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Environmental Health News
Links to articles in today's press about environmental health. Many more links available today at www.EnvironmentalHealthNews.org
Updated: 43 min 46 sec ago
A state pesticide inspector on Wednesday pleaded guilty in U.S. District Court to faking more than a dozen reviews at chemical facilities from Hatfield to West Springfield and Norfolk.
Washington state's attorney general said on Wednesday he intends to sue the U.S. government for not adequately protecting workers involved in the decades-long cleanup of a decommissioned nuclear site, saying dozens have been sickened by toxic vapors.
The boom in unconventional fossil fuels has revived indigenous conflicts in Argentina. Twenty-two Mapuche communities who live on top of Vaca Muerta, the geological formation where the reserves are located, complain that they were not consulted about the use of their ancestral lands, both “above and below ground.”
Ebola isn't the tropical disease that's most likely to cause health problems in the United States – not by a long shot. A handful of other tropical diseases pose much more realistic threats. And they're spread by insects, which can't be quarantined.
When the massive magnitude 9 earthquake rumbled through Fukushima prefecture in March 2011, it swelled the seas and shook the earth. But long after the ground stopped trembling, the disaster has continued to fracture families like that of Yoshinobu Segawa.
The Government will be forced to urgently clean up illegal air pollution in British cities, after a ruling at the European Court of Justice.
Southern Africa has some of the world’s richest waters. But debate swirls over how to sustain these seas and the fishing communities that depend on them.
Italy’s supreme court has overturned an 18-year prison sentence for Swiss billionaire Stephan Schmidheiny for causing 3,000 deaths linked to the use of asbestos in his factories.
Levels of a type of pesticide commonly used in backyard gardens and on farms have increased in urban and rural watersheds in California, the state said in a report released Wednesday.
After "bizarre" chemical explosions Tuesday at a Santa Paula wastewater treatment site, mandatory evacuations remain in place, 37 people have been treated, and firefighters and the plant's owner are bewildered.
The U.S. Environmental Protection Agency plans to come out with new guidelines that will give cities and water treatment plants a blueprint for dealing with the type of algae-borne toxin that contaminated the drinking water in Ohio’s fourth-largest city, a federal official said Wednesday.
The sudden decline of Texas’ official sea turtle was unexpected and could be an indication that pollution could be making the Gulf of Mexico a difficult place for species like the Kemp’s ridley to survive, experts said Wednesday.
The once-a-decade World Parks Congress concluded in Sydney with a new target to reserve 30 per cent of the world's marine areas in parks where fishing is banned.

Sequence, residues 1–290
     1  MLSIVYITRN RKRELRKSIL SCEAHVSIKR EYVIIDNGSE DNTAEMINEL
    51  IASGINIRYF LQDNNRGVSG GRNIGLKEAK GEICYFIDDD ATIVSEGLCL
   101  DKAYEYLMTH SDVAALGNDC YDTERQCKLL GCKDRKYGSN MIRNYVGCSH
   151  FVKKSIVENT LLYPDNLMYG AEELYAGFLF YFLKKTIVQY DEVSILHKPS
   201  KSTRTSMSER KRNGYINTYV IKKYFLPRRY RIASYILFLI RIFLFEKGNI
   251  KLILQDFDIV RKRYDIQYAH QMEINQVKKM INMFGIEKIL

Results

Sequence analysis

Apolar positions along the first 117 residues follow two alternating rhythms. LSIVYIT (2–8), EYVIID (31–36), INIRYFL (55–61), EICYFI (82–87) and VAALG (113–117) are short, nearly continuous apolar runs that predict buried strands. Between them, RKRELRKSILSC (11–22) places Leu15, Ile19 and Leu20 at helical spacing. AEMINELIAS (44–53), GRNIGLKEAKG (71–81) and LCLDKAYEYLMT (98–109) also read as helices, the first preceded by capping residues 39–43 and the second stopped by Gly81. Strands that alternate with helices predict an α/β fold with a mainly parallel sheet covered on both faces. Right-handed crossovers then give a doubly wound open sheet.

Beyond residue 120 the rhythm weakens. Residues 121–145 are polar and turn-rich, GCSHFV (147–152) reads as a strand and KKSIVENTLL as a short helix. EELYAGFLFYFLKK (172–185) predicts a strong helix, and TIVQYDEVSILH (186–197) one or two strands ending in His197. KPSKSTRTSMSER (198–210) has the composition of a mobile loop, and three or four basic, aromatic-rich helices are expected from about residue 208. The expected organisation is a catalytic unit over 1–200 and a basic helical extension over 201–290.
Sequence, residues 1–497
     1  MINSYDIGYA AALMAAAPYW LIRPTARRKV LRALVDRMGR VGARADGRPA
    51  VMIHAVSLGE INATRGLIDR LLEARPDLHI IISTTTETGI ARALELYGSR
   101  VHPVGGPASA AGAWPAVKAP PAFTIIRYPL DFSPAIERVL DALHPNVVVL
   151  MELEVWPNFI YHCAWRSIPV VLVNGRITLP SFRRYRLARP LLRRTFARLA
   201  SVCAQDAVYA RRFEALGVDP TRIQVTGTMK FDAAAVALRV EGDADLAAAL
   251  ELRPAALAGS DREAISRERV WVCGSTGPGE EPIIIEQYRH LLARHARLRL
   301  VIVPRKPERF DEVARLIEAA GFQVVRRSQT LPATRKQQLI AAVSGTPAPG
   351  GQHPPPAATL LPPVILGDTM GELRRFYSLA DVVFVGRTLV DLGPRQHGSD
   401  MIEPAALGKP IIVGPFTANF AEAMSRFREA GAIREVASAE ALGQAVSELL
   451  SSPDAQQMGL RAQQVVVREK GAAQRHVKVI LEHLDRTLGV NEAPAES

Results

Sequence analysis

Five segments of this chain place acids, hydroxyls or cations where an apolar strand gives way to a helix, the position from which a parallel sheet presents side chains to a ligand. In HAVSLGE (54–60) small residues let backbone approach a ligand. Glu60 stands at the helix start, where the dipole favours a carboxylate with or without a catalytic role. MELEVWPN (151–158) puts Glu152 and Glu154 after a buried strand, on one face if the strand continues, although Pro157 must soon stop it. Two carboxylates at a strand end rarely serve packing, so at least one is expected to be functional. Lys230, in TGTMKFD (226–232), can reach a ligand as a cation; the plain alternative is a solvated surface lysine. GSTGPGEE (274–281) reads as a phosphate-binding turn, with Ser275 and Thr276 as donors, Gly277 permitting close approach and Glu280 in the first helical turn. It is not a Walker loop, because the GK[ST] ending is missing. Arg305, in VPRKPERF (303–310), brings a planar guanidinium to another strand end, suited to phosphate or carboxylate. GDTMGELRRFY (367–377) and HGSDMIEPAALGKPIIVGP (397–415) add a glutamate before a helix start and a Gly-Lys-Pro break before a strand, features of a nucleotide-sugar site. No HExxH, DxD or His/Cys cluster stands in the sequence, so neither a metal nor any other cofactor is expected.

A mysterious chemical mixture burst into flames at a Ventura County, California, waste facility on Tuesday, sending dozens to hospitals for decontamination and emptying homes and businesses for a mile around the plant before the danger eased, authorities said.
There's been a years-long lobbying campaign by Seattle, King County, the Port of Seattle, and Boeing to limit the amount of dredging done in the Duwamish River. The campaign stretched from South Park to the U.S. Capitol, according to records.
An analysis found that the 5 million California residents who live within a mile of an oil or gas well have a poverty rate 32.5 percent higher than that of the general population. Overall, FracTracker found that almost 20 percent of Californians who live below the poverty line—more than 700,000 people—also live within a mile of a well.
In a world in which 14 percent of the population in the 21st century still defecate outdoors, children remain among the most vulnerable to a lack of toilets, contamination from human waste and dirty water.
Now that the smoke has cleared from the stunning election in Richmond earlier this month, questions are emerging about exactly how an overmatched and underfunded grassroots organization was able to soundly defeat Chevron, an oil colossus that was desperate to regain control of city government.
On the eve of the 30th anniversary of the Bhopal gas leak, shareholders in Dow Chemical are to table two resolutions calling for the company to accept responsibility for the worst industrial disaster in history, to fully compensate victims and to pay for a full-scale clean-up.
Norway’s image as one of the world’s cleanest, greenest countries with some of the finest unspoilt scenery will be tarnished if the government allows a giant titanium mining company to dump hundreds of millions of tonnes of waste directly into a fjord, conservationists warn.